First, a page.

"We chose a graphic novel for study to stimulate readers to explore new forms of literature. Graphic novels appeal both to adults and teenagers and use themes and subjects important to many. The choice of Maus was based on its critical acclaim, its artistic excellence, and its universal themes.
This website provides teachers and students with approaches to reading and studying the novel through a host of on-line resources."
Fabulous resources from teachers at Melbourne High School.
"Teachers can use the novels for traditional literacy, such as analyzing transitions, character development, dialogue and structure but students can also analyze the pictures, how people are portrayed, how the author uses the panels to convey time, transition and motion."
It is undeniable that we live in a new media age. In this age, literacy requires students to be able to make meaning from information in a wide variety of formats, one of the most prevalent being v...
Fabulous post from Kay Oddone (@KayC28) on graphic novels and how they can be used in the Australian Curriculum (or any classroom). Chock-a-block with resources for both the novice and veteran user of graphic novels for the classroom.
"In just three to four comic panels, you can utilize three-act structure to tell a story. If there’s conflict and a character reacting to that conflict then you’ve got a story and that can easily fit within three or four comic panels."
Try something like Pixton (free) or Comic Life (commercial) to use this framework to construct a simple comic strip. Thanks to @aliceleung on Twiiter for this resource.
The Key, a comic strip written by Grant Morrison and drawn by Rian Hughes, was created for the BBC's Freedom 2014 season.
Set in a repressive future society, everything not forbidden is compulsory.Individuality is defined by a key, and the state - represented by armed soldiers and hovering drones - is intent on replacing each person's unique key with a standard grey one.
Article provides link to the webcomic. This would be an excellent resource to use as a concept study and/or to consider some of the codes and conventions of comics. And it's free!!!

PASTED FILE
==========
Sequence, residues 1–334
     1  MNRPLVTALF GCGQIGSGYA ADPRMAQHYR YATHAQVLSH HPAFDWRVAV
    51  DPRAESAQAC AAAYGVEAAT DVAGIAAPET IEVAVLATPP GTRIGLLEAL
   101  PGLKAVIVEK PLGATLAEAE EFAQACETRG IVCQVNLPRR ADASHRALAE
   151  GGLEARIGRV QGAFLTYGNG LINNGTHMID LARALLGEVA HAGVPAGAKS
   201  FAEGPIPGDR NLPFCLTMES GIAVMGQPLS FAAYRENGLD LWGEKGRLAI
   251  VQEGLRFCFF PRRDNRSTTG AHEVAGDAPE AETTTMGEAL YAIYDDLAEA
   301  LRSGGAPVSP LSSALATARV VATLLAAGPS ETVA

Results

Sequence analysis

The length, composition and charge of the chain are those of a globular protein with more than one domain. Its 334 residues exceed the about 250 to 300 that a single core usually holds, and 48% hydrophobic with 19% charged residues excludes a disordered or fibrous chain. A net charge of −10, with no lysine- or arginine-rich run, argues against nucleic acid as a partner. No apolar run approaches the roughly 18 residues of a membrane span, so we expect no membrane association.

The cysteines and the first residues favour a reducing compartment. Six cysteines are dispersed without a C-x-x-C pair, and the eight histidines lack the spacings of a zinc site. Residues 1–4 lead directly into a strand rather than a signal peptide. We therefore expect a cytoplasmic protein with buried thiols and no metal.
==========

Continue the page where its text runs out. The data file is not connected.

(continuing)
"In this post, we take a closer look at March: Book One by John Lewis, Andrew Aydin, and Nate Powell (Top Shelf, 2013). We highlight it here as it sensitively documents Americans’ struggle for equal rights and civil liberties.
"In general, what attracts me to artists is a sense of fun, commitment, and flexibility. There is a change over time that you see when artists express their own growth and learning through their performances. Gene Luen Yang is a graphic novelist that is in the same category."
Led by book format comics with $415 million in sales, the North American comics and graphic novel marketplace generated $870 million in sales in 2013, according to a new estimate by ICV2 and Comichron.
"The $870 million estimate is the comics category’s highest dollar value since 1993. He also said that all comics format—digital, periodical and graphic novels—are growing. “When all the formats show steady growth, then there’s no pirating between each of the formats. We’re serving three different kinds of customers.”
“This year we spotlight graphic novels because, despite their serious literary merit and popularity as a genre, they are often subject to censorship,” said Judith Platt, chair of the Banned Books Week National Committee.
In this module, you will look at: graphic novels; how they differ from conventional novels; how people read them; how they represent characters, settings and events; and how readers respond to them.
An excellent site, sponsored by the West Australian Government. The module designed to assist teachers in the use of graphic novels is chock-a-block with examples and questions to generate critical thinking in students.
This is a comprehensive list of all the HIGHLY RECOMMENDED and RECOMMENDED comics that we have reviewed. It is categorized by grade level to help teachers and librarians pick the best comic literature for students.
This week, two very different Australian comics about asylum seekers have received widespread attention. The first is At work inside our detention centres: A guard’s story by Melbourne comics artist Sam…